2013 Cadence "Coda" Red Mountain Bordeaux Blend

SKU #1264699 93 points Wine & Spirits

 Ben Smith based this 2013 on Cabernet Franc (38 percent), the balance Cabernet Sauvignon (26 percent), Merlot (22 percent) and Petit Verdot (14 percent). Perhaps it’s the latter that gives the wine its suave purple tones, its depth of flavor. It’s likely the franc provides the gingerbread spice and gentle, mouthwatering freshness, and an elegance that Red Mountain is not known for. Despite the wine’s firm, framing tannins, this is delicious now; those tannins also provide the stuffing for ten years in the cellar.  (10/2015)

91 points Vinous

 Bright ruby-red. Lovely floral lift to the aromas of red berries and cocoa powder. Juicy, sweet and suave, conveying noteworthy purity and cut to its red fruit flavors. Really a remarkable value--and production of this entry-level wine is up to 1,250 cases in 2013. (ST)  (11/2015)

Wine Enthusiast

 Aromas are locked-up at present, with notes of flowers, high-toned herbs, earth, licorice and dark fruit. The palate is reserved in style, with a smooth feel and a firm squeeze of lightly dry tannins on the finish. (SS)  (11/2015)

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Price: $23.99
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Cabernet Sauvignon and Blends

- Cabernet Sauvignon has come a long way from its role as a blending varietal, however dominant, in the wines of Bordeaux. Today it is the most planted red varietal in the world. Identified as a descendent of Cabernet Franc and Sauvignon Blanc, the late-ripening Cabernet Sauvignon needs to be planted in warmer climates to fully ripen. Its small berries can easily be identified for their distinctive blue color, thick skins and high tannins. And while the varietal has its own definitive characteristics: green pepper-like aromas and black currant flavors among them, it is perhaps most prized for its ability to convey terroir, vintage and winemaking. A relatively new varietal, Cabernet Sauvignon started making inroads into the wines of the Médoc and Graves in the late-18th century. Today it is also dominant in the up-and-coming Entre-Deux-Mers region of Bordeaux and can also be found in Southwest France. It is the companion varietal to Sangiovese in Italy's Super Tuscans and is planted all over Europe, stretching to lesser-known winegrowing regions like Russia and Lebanon. In the Americas Cabernet Sauvignon has found champions in every nook and cranny of California and among winemakers in Washington, where it complements plantings of Merlot. In South America, Cab thrives in Chile, but can also be found in smaller amounts in Argentina and even in Mexico.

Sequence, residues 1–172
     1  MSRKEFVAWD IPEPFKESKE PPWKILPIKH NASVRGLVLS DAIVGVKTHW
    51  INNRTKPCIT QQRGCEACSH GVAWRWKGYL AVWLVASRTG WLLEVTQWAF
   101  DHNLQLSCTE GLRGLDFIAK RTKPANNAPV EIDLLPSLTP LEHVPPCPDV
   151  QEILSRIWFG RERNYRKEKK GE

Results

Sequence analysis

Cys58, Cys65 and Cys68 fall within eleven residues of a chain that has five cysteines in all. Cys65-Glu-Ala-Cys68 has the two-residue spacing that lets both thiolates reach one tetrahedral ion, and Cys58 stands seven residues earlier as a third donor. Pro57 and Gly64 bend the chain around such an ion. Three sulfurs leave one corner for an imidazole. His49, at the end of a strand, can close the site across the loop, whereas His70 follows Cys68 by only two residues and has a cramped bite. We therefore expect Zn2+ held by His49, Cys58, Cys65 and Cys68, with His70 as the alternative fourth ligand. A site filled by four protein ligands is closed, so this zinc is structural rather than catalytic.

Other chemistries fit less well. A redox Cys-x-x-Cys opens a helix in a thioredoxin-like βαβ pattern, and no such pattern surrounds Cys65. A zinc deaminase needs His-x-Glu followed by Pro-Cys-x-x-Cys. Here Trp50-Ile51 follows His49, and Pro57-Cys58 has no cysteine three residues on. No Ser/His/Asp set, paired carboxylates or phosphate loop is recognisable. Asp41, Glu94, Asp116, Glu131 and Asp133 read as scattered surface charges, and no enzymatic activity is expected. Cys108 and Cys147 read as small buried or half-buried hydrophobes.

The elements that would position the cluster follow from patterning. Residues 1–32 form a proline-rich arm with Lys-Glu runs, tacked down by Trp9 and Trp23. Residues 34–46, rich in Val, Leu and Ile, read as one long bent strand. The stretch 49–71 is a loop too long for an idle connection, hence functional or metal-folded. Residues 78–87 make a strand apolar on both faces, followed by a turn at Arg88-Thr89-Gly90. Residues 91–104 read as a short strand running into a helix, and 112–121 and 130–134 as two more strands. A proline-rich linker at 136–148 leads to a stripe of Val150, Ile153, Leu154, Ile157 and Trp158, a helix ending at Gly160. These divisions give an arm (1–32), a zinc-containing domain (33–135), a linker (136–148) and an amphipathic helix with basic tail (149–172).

United States

- When people consider domestic wine, they normally think about the state of California. The fine viticultural Region within California, including the Napa Valley, Sonoma, Santa Cruz Mountains, Mendocino and Santa Barbara, are capable of growing grapes of world-class quality. But there's plenty of fabulous wine coming from other states, too. Oregon, Washington and New York are also causing eyebrows (and glassware) to be raised around the world. Click for a list of bestselling items from the United States.


- Washington has become one of the most important wine producing states in the United States, and development continues to grow rapidly. In 1969, when California was exploding as a wine producer, Washington had only two wineries, but by 2000 that number had passed 100. Most of Washington's grape crop goes to uses other than wine. Merlot and Chardonnay have been the most successful in Washington. It's interesting to note that Washington's prime wine regions are located at 46° north, along the same latitude as the legendary French wine districts of Bordeaux and Burgundy. During the summer, Washington averages more than two hours more sunlight each day compared to California.